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Situational Football Took Danny Trevathan's Snaps

The Bears are trying to match up and win in situational football to a greater extent this season, as their personnel usage shows at inside linebacker, tight end and wide receiver

Bears coach Matt Nagy offered up plenty of praise for his tight ends on a day when some wide receiver are feeling the need to bounce back.

Yet, Bears tight ends are barely above the rate of receptions registed by last year's challenged group.

It's all in the use. It's all in the what is known as situational football.

It's a term the Bears began using often late last season as being more of a goal, and this year's team seems more capable of accomplishing this. Nagy wanted the ability to create favorable matchups with his personnel usage, in order to improve chances of winning each play, so it was the point of emphasis in free agency and the draft.

The tight ends have only five receptions in two games, four by Jimmy Graham and one by rookie Cole Kmet, yet Nagy was effusive regarding their play.

"I am really happy with how they're playing," Nagy said. "Production-wise and stat line-wise, right now, you probably don't see and you for sure don't see what we want it to be at. But I'm OK with that just because of the way that these two first games have gone."

Packers fans who criticized Jimmy Graham and Notre Dame fans who wouldn't call blocking Cole Kmet's greatest strength might be surprised to find both are blocking effectively in the resurgent Bears running attack.

"I think yesterday the way that our tight ends performed in that run game, when you back and watch that tape no, go back and watch those guys and watch them block," Nagy said. "And that's a huge part of this run game."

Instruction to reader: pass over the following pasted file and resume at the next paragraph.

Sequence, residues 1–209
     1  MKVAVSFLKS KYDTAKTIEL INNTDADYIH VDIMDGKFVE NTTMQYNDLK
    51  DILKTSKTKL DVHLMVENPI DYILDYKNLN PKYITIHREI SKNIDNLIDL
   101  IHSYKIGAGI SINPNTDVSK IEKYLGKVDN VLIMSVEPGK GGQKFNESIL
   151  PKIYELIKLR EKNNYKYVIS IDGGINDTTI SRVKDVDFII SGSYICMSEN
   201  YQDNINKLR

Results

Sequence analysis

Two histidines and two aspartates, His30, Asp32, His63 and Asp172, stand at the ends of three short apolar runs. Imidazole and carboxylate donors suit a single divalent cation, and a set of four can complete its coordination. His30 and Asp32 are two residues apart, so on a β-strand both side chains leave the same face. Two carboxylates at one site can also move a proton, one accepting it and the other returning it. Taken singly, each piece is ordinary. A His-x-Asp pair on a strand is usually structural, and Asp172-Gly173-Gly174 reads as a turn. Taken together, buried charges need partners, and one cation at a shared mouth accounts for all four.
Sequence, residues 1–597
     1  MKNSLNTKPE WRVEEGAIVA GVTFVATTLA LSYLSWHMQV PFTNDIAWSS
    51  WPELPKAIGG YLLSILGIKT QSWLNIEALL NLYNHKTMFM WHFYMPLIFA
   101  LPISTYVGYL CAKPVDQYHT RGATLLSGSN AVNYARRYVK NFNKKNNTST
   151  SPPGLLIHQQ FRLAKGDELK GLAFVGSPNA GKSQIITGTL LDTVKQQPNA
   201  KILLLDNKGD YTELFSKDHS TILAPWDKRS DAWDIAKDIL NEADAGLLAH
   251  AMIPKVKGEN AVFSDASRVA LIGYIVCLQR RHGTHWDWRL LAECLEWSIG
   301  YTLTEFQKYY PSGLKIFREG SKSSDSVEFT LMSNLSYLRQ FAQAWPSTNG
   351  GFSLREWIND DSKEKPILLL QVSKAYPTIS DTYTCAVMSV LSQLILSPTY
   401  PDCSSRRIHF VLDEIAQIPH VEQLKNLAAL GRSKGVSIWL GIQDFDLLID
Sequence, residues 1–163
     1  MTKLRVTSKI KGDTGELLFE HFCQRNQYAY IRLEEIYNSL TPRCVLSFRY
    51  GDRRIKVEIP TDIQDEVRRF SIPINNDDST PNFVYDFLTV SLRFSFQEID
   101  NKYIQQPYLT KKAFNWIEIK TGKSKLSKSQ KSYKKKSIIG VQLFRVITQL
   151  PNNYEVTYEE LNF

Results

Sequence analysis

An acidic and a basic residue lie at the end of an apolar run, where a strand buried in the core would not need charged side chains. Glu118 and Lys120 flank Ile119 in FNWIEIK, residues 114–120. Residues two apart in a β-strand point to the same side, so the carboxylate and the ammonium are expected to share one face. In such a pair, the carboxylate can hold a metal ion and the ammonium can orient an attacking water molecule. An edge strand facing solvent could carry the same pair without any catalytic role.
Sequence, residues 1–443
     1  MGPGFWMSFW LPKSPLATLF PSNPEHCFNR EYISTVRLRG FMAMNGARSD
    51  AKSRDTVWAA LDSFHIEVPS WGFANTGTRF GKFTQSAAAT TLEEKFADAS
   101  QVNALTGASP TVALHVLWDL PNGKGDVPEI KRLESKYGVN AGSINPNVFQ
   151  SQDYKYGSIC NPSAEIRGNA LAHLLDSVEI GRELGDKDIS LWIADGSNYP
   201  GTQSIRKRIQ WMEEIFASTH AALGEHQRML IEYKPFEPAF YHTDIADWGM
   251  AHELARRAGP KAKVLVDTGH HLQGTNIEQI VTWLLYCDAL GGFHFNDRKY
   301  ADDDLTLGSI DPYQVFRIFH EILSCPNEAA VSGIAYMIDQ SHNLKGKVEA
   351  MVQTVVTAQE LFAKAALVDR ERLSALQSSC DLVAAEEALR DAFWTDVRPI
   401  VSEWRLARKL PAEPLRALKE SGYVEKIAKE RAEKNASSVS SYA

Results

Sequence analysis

The Bears have used plenty of 13-personnel groupings. This uses three tight ends, a back and a wide receiver. It's usually a running formation. They've also tried to use more 12-personnel, a formation with two tight ends.

"Just as much as the O-linemen and what they're doing and coach (Juan) Castillo and then those guys," Nagy said. "Those tight ends are getting after it and they're enjoying it.

"Check out some of the effort by Jimmy Graham in run-blocking and tell me what you think. But that part I like, along with Demetrius Harris and Cole Kmet and J.P. Holtz. We'll see how the tight end production goes in the pass game but I'm happy with those guys."

The use of tight ends in this way also affected the way the Bears used wide receivers.

"The same thing goes offensively with Anthony Miller," Nagy said. "I'm not sure when you have (Javon) Wims and Anthony Miller, and Wims has a few more snaps than Anthony, that's not by necessity."

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They had Wims on the field 29 plays, three more than Miller. Wims is the better blocker and a fit in 12-personnel or 13-personnel as they try to power the ball more.

Situational football goes beyond offense.

The defense has tried matching up more, especially against the pass.

Nagy said they pulled inside linebacker Danny Trevathan off the field in some passing situations more than in the past. It's partly how safety Deon Bush managed to play 38% of the defensive snaps. Bush in the past had rarely played on defense.

A week earlier Trevathan gave up what could have been the game-deciding reception but D'Andre Swift dropped the ball. In that game, Trevathan played 90% of the snaps and Bush was on the field.

Of course, the difference is the Bears were trying to protect a lead on Sunday and in the game with Detroit were trying to come from behind. The Lions were trying to run and kill clock once they had a lead, and were powering the ball so the Bears naturally had Trevathan on the field more often than when the Giants were passing on every play.

The situation is clouded by Trevathan's lack of production in either game. It makes it seem he was benched or held out due to ineffective play. He had two tackles Sunday, a week after he struggled according to Pro Football Focus grades to a mark of 28.5, which is extremely low.

While playing more in the pass prevent, Bush had his first career interception.

How far they take this depends on, what else? The situation.

"We got really good players and if we're lined up and we're all playing the same call, we're all singing out of the same hymnal so to speak," defensive coordinator Chuck Pagano said. "We'll do really well.

"So I've got to do that. Situational football, I got to put them in the right spot to win that situation. So hopefully, that'll happen."

It's happened twice on both sides of the ball, although it's taken on different shapes and sizes.

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